thatdanguy's podcast

thatdanguy's podcast
CLICK ON THE PHOTO MONTAGE! Or, Free Downloads on i-Tunes!

Friday, September 16, 2016

Million Dollar Production Of Historic Music Moment

 Stage West Calgary presents:

"Million Dollar Quartet"

Sept 9 - Nov 13, 2016

Million Dollar Quartet

All photos courtesy Stage West Calgary / John Watson

 I will confess up front to having seen an earlier big, fancy production elsewhere of the latest show opening this week at Stage West Calgary.

I thought I was seeing it again last night - this is one flawless outing for fans of the Broadway musical Million Dollar Quartet! It is without question every bit as good as the Vegas version, which at the time I attended featured one of the Broadway cast members among the stars.

This version here at home starts with a terrific set. It builds with the introduction of the cast members, and follows through with great renditions of the songs and story of this one-off event in pop music.

In December 1956 three of the biggest stars in pop, country and rhythm and blues convened in the legendary Sun Studios with an brand-new up-and-comer for the Sun Records stable of recording stars, mostly by happenstance. The storyline features a number of plot lines that build to the finale, but along the way you hear some iconic music from the rockabilly era, and much more.

J. Sean Elliott moves away from his usual director’s chair to tackle the role of Sun founder Sam Phillips. In a dual role narrating the event in asides, he brings considerable skill to making Phillips believable, yet not taking anything away from his fellow actors.

Matt Cage is a young Elvis Presley, returning to where it all started for him. The story line links Presley and Phillips to a possible future collaborative reunion, kept somewhat secret from the other musicians in the impromptu gathering. Cage’s acoustic version of Peace In The Valley with a haunting chorus from fellow cast members is worth the price of admission by itself.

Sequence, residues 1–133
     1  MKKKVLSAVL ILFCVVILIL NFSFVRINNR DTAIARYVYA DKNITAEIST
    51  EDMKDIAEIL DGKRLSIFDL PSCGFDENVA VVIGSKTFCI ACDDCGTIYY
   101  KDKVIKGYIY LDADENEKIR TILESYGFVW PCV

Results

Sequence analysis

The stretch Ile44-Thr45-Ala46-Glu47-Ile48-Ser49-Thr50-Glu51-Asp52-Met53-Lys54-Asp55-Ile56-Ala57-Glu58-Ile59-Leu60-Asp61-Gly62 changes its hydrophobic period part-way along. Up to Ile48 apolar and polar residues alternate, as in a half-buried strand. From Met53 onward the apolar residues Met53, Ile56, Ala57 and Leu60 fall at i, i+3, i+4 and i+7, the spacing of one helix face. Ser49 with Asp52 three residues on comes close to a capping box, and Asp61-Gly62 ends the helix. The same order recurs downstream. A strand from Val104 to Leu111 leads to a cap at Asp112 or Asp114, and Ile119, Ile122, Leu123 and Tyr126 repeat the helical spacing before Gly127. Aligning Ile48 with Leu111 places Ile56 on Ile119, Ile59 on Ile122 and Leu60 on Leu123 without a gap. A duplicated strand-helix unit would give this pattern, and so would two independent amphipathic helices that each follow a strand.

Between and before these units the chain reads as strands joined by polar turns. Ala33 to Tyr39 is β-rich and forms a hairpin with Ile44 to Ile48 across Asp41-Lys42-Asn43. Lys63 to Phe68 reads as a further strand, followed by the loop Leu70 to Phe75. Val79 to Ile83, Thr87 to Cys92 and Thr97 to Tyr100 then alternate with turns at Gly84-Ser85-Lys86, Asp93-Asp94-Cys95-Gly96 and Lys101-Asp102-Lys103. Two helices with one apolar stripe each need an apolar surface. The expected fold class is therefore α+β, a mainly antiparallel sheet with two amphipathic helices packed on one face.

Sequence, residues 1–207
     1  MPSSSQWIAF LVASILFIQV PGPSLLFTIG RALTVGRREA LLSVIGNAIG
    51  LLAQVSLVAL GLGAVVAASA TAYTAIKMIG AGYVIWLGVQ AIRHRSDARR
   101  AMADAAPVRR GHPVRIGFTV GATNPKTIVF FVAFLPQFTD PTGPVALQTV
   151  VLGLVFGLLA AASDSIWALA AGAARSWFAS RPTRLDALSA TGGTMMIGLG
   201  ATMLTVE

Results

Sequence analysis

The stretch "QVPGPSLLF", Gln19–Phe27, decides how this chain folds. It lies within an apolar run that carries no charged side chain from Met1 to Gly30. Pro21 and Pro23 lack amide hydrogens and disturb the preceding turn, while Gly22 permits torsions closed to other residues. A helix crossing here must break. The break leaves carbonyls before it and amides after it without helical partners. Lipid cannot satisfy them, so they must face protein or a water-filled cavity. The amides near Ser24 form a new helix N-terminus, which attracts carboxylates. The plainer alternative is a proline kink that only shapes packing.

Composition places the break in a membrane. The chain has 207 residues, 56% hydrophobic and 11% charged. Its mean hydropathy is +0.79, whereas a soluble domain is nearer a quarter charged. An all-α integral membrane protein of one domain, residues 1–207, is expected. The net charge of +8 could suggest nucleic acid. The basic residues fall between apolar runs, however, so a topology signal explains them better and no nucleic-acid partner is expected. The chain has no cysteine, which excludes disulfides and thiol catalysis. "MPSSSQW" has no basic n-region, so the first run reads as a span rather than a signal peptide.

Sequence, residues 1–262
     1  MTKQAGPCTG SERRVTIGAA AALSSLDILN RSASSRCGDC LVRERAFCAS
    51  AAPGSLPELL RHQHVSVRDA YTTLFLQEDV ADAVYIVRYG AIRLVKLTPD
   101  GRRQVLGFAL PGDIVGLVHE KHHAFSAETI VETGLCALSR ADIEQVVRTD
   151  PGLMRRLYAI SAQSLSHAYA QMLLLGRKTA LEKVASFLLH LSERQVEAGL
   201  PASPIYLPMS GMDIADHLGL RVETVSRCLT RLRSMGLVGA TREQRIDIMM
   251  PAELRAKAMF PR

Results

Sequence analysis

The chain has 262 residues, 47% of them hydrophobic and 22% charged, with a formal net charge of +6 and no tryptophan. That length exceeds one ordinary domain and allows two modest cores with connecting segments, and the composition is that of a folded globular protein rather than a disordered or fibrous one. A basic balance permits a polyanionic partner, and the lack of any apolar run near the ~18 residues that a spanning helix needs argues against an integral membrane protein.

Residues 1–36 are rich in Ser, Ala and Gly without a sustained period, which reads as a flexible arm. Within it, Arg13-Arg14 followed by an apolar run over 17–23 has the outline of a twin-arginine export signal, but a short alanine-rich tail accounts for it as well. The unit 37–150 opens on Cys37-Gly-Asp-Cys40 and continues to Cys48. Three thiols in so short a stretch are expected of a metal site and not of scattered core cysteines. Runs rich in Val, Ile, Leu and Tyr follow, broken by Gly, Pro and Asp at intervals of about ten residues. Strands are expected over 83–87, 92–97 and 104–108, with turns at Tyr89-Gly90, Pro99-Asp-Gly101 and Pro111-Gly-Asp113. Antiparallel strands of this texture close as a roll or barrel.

Tyler Check brings rockabilly pioneer Carl Perkins to life, and he also harbours a secret along with Johnny Cash (Maxwell Theodore Lebeuf) that ultimately serves to make the finale bittersweet for the group. 

Check and Lebeuf also share musical moments that sparkle, and like the Broadway version, everyone on stage is playing their own instruments.

A natural firebrand cast as the original firebrand, Gerrad Everard clearly has a blast in the role of the young Jerry Lee Lewis, caught somewhere along the fine line between religiously aware, but bawdily centred. Has it really been 8 years since he brought other musical legends to life here? Too long!

Laura Mae Nason returns to Stage West playing Elvis’ girlfriend, and she gets to perform a couple of songs herself. Again, much like the Broadway version she almost steals the show from the formidable legends gathered in the room - she can truly belt out with the best of them.

Filling out the group are Scot Carmichael (Fluke) and Zachary Knowles (Jay Perkins) as the background musicians for Perkins' session - plenty capable themselves musically. 

Directed by Alex Mustakas, with musical direction from the ever-present Konrad Pluta, there is not one misstep along the way. If you’ve seen this before, you can do no wrong by seeing it one more time.

5 out of 5 stars.

Check out my official Calgary Herald review, live online now!